• Tell a story to an adult or older sibling and have them write it down.
  • Copy the story in your own handwriting.
  • Draw the story with pictures.
  • Cut out pictures in magazines to help tell the story.
  • Type the story
  • Record the story by voice or video
  • Use a sentence starter to write a sentence:

I can _______.

I like  _______.

Out my window I see ___________.

  • Use a organizer to write a summary:

            At the beginning of

             the story _________.

            Next _____________.

             Then ____________.

            At the end ________.

Story Starter Ideas:

Story Starters: Creative Writing Prompts for Kids

How to reinforce social skills: 

Asking Permission:

  • Look at the person
  • Ask the person if he or she has time to help you
  • Clearly explain what kind of help you need
  • Thank the person for help

Following Instructions:

  • Look at the person
  • Say “Okay”
  • Do what you have been asked
  • Check back

Sharing Something:

  • Let the other person use the item first.
  • Ask if you can use it later.
  • When you get to use it, offer it back to the other person after you are finished.

Asking Permission:

  • Look at the person
  • Use a calm & pleasant voice
  • Say, “May I…?”
  • Accept the answer calmly.

Accepting “No” For an Answer:

  • Look at the person
  • Say, “Okay”
  • Stay calm
  • If you disagree, ask later

Appropriate Voice Tone:

  • Listen to the level of the voices around you.
  • Change your voice tone to match
  • Watch and listen for visual or verbal cues and adjust your voice as needed.

Having a Conversation:

  • Look at the person
  • Use a pleasant voice
  • Listen to what the other person says
  • When there is a break in conversation, ask a question or share your thoughts

Self-Regulation & Emotional Control:

The Blue Zone:

  • Feeling sad
  • Tired
  • Sick
  • Bored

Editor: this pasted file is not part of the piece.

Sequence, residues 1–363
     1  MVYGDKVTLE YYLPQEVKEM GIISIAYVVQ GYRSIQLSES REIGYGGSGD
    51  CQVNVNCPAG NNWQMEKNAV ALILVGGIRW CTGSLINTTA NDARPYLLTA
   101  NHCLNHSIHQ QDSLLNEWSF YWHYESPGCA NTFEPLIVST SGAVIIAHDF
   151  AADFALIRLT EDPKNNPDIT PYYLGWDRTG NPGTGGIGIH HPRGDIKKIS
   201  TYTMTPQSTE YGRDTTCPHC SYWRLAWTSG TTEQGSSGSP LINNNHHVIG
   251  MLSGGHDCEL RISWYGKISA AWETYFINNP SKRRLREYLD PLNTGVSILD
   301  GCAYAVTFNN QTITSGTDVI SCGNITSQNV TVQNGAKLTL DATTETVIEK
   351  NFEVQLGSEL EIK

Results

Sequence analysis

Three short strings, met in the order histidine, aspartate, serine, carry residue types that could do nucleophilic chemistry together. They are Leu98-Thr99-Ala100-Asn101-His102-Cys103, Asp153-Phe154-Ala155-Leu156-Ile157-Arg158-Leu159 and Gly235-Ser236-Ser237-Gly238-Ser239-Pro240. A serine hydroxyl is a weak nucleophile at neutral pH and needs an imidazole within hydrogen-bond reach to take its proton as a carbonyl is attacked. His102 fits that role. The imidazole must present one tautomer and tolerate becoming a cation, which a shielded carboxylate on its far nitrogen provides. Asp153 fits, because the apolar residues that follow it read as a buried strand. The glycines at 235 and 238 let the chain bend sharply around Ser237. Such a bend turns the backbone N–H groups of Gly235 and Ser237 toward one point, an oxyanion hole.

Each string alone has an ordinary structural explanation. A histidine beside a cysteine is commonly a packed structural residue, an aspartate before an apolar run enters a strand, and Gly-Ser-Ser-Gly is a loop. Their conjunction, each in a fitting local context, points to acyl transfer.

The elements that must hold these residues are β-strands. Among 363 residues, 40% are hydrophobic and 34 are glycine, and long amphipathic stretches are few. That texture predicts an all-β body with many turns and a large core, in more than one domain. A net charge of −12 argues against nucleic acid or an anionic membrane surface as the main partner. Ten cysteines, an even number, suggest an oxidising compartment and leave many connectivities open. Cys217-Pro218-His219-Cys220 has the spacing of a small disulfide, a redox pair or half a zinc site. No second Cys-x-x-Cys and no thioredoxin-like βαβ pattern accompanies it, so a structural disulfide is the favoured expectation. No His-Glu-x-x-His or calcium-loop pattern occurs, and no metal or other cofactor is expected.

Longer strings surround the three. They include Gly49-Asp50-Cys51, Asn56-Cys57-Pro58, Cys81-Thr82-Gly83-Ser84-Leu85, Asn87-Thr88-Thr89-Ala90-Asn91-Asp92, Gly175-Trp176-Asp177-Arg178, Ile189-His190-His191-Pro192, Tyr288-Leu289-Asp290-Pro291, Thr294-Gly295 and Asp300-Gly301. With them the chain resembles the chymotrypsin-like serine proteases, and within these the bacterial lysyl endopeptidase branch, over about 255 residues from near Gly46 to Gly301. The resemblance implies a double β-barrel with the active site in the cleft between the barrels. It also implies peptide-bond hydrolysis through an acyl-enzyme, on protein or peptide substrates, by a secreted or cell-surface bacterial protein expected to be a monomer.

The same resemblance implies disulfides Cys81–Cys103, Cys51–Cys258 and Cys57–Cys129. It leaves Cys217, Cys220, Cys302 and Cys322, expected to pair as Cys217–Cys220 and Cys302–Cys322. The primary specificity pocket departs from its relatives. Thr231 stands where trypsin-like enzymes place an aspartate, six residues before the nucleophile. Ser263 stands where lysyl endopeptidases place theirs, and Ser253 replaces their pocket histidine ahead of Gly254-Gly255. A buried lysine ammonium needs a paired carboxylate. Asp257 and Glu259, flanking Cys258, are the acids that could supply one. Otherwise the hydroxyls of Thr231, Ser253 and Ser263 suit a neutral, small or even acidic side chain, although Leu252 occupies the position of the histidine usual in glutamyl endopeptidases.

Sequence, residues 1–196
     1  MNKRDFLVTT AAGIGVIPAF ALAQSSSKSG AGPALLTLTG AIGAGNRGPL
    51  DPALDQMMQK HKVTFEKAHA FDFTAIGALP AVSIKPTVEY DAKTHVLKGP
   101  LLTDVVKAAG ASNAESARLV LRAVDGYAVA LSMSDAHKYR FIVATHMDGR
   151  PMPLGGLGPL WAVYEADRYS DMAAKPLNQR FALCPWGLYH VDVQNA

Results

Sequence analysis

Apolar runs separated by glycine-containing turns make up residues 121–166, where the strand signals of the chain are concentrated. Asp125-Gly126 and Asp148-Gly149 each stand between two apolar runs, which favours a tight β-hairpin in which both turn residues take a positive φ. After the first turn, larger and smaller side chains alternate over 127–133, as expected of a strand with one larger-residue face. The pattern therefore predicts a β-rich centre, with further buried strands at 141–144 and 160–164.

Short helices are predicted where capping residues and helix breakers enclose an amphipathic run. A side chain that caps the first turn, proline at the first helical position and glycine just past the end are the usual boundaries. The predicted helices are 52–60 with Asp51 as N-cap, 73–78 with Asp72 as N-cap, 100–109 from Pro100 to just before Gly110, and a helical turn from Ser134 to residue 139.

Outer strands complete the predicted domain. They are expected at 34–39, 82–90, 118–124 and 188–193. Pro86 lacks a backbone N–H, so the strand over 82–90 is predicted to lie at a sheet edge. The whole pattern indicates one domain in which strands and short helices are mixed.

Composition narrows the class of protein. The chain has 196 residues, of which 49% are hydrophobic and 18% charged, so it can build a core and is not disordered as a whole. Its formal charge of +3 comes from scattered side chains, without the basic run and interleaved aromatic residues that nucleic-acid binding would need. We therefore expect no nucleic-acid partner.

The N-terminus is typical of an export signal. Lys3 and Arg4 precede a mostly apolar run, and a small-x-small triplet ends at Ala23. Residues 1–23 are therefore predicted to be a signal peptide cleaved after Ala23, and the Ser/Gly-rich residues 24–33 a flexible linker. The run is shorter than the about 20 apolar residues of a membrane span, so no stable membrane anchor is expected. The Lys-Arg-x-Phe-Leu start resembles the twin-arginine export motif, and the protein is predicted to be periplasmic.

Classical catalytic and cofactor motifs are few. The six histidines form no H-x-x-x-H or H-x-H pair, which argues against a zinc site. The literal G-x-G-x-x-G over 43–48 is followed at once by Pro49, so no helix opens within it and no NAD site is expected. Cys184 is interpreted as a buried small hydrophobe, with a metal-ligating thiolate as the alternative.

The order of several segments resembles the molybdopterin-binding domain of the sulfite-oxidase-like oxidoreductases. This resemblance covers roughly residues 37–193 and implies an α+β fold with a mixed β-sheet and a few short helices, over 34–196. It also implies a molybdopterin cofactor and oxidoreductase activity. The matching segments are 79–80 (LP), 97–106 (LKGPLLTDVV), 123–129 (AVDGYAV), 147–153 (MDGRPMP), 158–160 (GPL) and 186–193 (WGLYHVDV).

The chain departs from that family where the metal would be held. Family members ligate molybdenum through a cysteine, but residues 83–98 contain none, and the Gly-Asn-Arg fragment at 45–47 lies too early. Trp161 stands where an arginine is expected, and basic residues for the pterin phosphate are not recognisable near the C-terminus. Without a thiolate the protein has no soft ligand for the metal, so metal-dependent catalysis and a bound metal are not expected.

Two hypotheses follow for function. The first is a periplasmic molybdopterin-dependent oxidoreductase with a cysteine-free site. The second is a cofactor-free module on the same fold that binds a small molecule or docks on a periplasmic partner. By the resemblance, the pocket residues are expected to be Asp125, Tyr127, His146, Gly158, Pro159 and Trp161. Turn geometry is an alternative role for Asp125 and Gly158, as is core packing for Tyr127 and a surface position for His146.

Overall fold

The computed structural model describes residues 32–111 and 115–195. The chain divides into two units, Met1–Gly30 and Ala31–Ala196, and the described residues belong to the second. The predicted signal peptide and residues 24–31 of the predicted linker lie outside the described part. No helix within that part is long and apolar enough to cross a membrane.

• When one’s body and/or brain is moving slowly or sluggishly.

 Interactive 100’s Chart:

Interactive Hundreds Chart

Highlight lines on paper to help with visual placement of letters

The Green Zone:

  • Calm
  • Happy
  • Focused or content
  • Being in this zone shows control.

The Yellow Zone:

  • Stress
  • Frustration
  • Anxiety
  • Excitement
  • Silliness
  • Nervousness
  • Confusion
  • Starting to lose some control.

 

Money:

*Use real coins or play money if available

The Red Zone:

  • Very intense feelings
  • Anger
  • Rage
  • Explosive behavior
  • Panic
  • Terror
  • Elation
  • Not being in control of one’s body.

Multiplication:

  • Draw an array to help solve

               3 X 3 = 9

  • Make equal groups of objects

Multiplication Chart:

6 Multiplication Charts (Multiple Colors)

Narrative Writing Organizer:

Explanation of Each Zone: The zones can be compared to a stoplight or traffic light:

In the Green Zone, one is “good to go.” A yellow light or caution sign means slow down or take warning, which applies to the Yellow Zone.

A red light or stop sign means stop; when a person is in the Red Zone, they need to stop and regain control. The Blue Zone can be compared to a blue rest area where you pull over when you’re tired and need to recharge.

Expected Behaviors: Behaviors that give people around you good or comfortable thoughts about you.  

Unexpected Behaviors: Behaviors that give people around you good or comfortable thoughts about you.

Zones videos:

Inside Out Meet the Zones: Green, Blue, Red, and Yellow

DJ Learns the Zones of Regulation

Division:

  •  Use actual objects and divide into equal groups

Word Problems:

  •  Draw a picture to illustrate the story problem
  • Act out the problem with objects
  • Change numbers in word problem as need (make them smaller)

Example - Tim had 143 marbles and gave 57 away to his friend.  How many does he have now?

   **** change numbers to 43 marbles and gave away 5.

  • Use organizer below to solve a word problem

Fractions:

  • Use circles to divide into equal parts

  • Use playdough or paper to make models of the fractions

Opinion Writing Organizer